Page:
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Widow of alleged cop-killer says he should have taken out more police

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officerBy Andrew Scot Bolsinger

Make-shift memorials for those suddenly killed in the prime of their lives are not unusual, but the memorial for the man who killed a 23-year-old New Jersey police officer sprang up with tributes across the state.

Police say Lawrence Campbell, 27, ambushed officer Melvin Santiago early Sunday morning when Santiago went to investigate a robbery at a Jersey City Walgreens. Investigators say he stole a gun from a security guard and used that to kill Santiago, a 23-year-old rookie officer. Other police then shot and killed Campbell.

Outside the Walgreens parking lot, mourners set up a shrine for the fallen police officer. But nearby, a memorial for Campbell grew even bigger.

“Rest easy,” “Thug in peace” and “See u on the other side” were among the things friends wrote to Campbell.

Campbell’s widow, Angelique Campbell, said that she wished her husband had killed more officers before they gunned him down.

“That’s how I feel. God forgive me, but that’s how I feel,” Angelique Campbell told local reporters in New Jersey at the memorial. Campbell, a convicted felon, was also wanted in connection with a recent Jersey City homicide.  “If that’s the case, he should’ve took more with him. If they was going to stand over my husband and shoot him like a f—ing dog, he should’ve took all of them the f— out,” Campbell’s wife said.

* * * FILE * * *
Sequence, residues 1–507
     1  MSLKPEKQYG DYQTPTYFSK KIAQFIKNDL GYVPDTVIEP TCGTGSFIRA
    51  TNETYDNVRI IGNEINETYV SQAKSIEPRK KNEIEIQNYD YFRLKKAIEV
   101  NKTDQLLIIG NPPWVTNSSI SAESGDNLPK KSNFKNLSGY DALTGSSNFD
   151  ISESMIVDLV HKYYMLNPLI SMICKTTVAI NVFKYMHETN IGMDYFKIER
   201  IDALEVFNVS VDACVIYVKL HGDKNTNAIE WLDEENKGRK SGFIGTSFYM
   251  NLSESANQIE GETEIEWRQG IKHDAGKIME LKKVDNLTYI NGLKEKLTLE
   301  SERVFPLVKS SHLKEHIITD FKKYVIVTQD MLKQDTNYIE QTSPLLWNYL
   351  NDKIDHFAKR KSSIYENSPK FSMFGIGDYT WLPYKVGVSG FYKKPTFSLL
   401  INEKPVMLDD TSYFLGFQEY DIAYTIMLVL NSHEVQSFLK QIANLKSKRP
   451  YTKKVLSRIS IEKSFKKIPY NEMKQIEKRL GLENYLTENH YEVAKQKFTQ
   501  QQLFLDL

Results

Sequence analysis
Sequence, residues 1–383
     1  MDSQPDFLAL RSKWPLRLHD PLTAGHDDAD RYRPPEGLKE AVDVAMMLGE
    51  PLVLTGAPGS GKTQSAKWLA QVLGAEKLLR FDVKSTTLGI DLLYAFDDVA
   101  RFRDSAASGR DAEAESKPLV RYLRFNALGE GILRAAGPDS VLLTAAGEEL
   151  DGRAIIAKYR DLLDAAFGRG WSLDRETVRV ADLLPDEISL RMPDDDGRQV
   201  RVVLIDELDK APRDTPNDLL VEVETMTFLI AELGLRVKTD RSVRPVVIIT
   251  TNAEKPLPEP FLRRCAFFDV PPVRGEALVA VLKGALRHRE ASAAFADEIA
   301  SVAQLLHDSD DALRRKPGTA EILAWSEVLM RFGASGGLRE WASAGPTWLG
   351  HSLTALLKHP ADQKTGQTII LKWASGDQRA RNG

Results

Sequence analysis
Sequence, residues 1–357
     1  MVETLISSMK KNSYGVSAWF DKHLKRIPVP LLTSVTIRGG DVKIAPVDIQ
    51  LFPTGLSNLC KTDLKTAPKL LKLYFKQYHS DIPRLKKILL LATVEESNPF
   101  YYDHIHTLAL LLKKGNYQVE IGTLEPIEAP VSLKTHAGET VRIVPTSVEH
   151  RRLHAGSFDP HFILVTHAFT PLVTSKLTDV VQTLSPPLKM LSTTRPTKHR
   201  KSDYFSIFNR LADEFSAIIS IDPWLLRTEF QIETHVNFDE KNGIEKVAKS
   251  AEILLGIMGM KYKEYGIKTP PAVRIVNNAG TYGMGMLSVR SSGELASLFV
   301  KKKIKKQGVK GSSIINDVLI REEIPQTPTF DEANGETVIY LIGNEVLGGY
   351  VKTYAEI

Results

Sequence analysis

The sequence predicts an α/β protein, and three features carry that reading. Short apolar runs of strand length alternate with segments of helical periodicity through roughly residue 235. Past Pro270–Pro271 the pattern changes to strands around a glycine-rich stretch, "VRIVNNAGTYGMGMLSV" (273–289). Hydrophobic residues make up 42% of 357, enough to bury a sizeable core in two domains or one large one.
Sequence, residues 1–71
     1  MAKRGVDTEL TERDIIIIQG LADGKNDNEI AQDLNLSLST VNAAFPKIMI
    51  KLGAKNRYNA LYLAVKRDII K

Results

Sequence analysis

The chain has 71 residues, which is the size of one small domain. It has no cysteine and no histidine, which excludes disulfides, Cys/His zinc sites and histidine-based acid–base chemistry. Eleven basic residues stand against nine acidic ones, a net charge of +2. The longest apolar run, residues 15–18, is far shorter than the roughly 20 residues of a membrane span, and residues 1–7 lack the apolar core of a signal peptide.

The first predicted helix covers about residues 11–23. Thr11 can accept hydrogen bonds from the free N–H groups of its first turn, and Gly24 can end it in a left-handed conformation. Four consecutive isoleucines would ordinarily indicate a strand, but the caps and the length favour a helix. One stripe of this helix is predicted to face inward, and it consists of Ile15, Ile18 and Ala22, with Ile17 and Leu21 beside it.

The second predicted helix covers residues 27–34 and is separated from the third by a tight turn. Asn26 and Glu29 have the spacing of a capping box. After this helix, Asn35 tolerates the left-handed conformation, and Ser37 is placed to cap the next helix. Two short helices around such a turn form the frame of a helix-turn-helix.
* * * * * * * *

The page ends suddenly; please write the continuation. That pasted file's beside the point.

She later apologized for her comments.

Campbell’s neighbor, Barbara Jones told local reporters that the man they knew was not the same man portrayed in the media.

“He was a good man. He looked out for everybody on the block,” Jones said.

Santigao’s stepfather, Alex McBride, did not agree, blasting Campbell’s wife.

“He should have killed more?” he asked. “Come on, is she serious?”

The fallen officer’s dad also criticized Pierre Monsanto, 58, the security guard who was attacked by Campbell.

“I think he’s an idiot,” McBride said. “How are you going to let someone come into your store, beat you up and take your gun?”

What are your thoughts?  Is there a side of the story to be told by those who’ve been shot by police officers?  There are thousands of cases of police corruption, officers dealing drugs and police killing suspects out of revenge.  Is there room to consider the possibility that not everyone shot by police was automatically doing something to deserve to die?


Andrew Scot Bolsinger won more than two dozen press awards during his journalism career. He is a freelance writer, author and operates, which is focused on prison reform. He can reached at and can be followed @CriminalUniv on Twitter.